Showtime

Showtime’s Monster Mash-up Penny Dreadful Gets Better By Focusing On Its Female Characters

The werewolves and vampires increasingly feel like a sideshow to the series's real strength

The best scene in Penny Dreadful’s disjointed Season 3 premiere, which aired last night, featured a feast. The repast wasn’t of flesh, as debated aboard The Creature’s (Rory Kinnear) marooned ship in the Arctic, nor of blood, despite Dracula’s surprise appearance at the end of the episode. Rather, it was a modestly garnished, one-woman affair: Eva Green’s witchy Vanessa Ives pouring a jar of milk down her throat so fast she could barely swallow it all and tearing apart a loaf of bread with her teeth like a lioness ripping open just-caught prey. Her sly eyes unfocused for once, Vanessa was a feral creature in a Victorian nightgown that silently screamed melancholia, haunting her own trash-strewn, spiderwebbed mansion. (As per usual, the Showtime series’s production designers prove themselves among TV’s most inspired.)

As entrancing as Green regularly is on the Gothic action-melodrama, though, even she couldn’t distract from the middling first season’s glaring Smurfette problem. (Yes, Billie Piper’s dying Irish prostitute, Brona, also numbered among the cast, but the character was a nonentity until she was transfigured into Lily, the intended Bride of Frankenstein, in Season 2.) Aside from its turn-of-the-century London setting, Penny Dreadful’s lures to outsiders are its lurid twists on familiar figures like vampires, werewolves, Dorian Gray (Reeve Carney), the father (Timothy Dalton) of Dracula victim Mina Harker, and Dr. Frankenstein (Harry Treadaway) and his Creature. But it was creator John Logan’s most original character, Vanessa, who stole the show — partly because Green was the only actor who could rise above the show’s silly self-seriousness and ponderous pacing that debut year, and partly because of the inherent interest of watching a character revolt against societal norms. Penny Dreadful made me ravenous, but only for one thing: I wanted more Vanessas.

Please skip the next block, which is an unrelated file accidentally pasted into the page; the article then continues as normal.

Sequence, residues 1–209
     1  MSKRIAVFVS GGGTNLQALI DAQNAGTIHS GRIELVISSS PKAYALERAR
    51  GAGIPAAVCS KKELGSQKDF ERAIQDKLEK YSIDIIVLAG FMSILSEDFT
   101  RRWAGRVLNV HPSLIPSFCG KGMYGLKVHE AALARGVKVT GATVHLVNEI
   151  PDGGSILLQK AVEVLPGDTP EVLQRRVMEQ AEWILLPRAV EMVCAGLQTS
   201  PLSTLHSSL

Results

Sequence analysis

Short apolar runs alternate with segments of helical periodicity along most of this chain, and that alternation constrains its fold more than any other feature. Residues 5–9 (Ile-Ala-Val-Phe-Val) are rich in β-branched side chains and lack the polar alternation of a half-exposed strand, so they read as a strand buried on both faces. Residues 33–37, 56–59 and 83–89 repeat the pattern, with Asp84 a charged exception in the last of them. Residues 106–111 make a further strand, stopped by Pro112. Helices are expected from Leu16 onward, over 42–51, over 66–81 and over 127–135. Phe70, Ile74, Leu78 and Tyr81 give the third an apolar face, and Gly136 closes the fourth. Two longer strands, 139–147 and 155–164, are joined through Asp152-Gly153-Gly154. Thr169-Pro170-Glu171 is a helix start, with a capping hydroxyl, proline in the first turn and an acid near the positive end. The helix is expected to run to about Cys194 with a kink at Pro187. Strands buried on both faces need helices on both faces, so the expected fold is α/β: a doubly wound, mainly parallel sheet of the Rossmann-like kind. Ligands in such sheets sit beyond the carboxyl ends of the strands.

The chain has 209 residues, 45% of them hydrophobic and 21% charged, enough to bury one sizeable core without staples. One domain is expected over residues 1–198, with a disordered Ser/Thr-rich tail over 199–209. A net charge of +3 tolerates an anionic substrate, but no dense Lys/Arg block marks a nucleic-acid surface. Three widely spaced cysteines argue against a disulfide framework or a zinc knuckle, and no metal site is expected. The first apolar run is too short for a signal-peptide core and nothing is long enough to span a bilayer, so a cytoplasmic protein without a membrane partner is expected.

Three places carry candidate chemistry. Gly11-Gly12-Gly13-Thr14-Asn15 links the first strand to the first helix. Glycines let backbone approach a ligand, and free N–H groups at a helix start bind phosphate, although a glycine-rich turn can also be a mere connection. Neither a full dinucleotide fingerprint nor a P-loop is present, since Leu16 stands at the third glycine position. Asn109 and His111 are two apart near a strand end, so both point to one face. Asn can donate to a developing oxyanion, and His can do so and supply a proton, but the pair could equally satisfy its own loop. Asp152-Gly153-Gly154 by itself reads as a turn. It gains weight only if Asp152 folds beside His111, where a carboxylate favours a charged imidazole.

The sophomore season delivered. The flashback episode, in which we learn about Vanessa’s brief mentorship with the outcast witch Joan Clayton (Patti LuPone), is easily the show’s finest and most touching installment. Just as intriguing — and rather more surprising — was Lily’s self-transformation from a sheltered naïf to an angry nihilist who rejects both her creator and her betrothed to paint the town red (in both senses) with Dorian Gray, a man who, unlike those two others, is both invincible and hot. While Vanessa feared the solitude that often accompanies otherness — a theme in which the second year dabbled — Lily was her foil, embracing her power and inhumanity so she could rule over the world.

Season 3 promises to build on these encouraging character developments, and the harder it leans on its female characters, the more resonant and inventive the show becomes. (It’s also rather noticeable that Green, Piper, and LuPone are the show’s three greatest performers.)